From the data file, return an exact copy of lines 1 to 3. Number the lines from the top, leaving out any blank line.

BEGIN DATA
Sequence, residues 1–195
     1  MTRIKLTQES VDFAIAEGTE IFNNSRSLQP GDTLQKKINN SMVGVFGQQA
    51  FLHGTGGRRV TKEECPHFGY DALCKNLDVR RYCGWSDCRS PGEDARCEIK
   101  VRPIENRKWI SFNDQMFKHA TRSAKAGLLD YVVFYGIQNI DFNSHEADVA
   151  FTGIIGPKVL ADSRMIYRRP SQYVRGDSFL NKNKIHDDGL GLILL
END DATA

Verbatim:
Sequence, residues 1–195
     1  MTRIKLTQES VDFAIAEGTE IFNNSRSLQP GDTLQKKINN SMVGVFGQQA
    51  FLHGTGGRRV TKEECPHFGY DALCKNLDVR RYCGWSDCRS PGEDARCEIK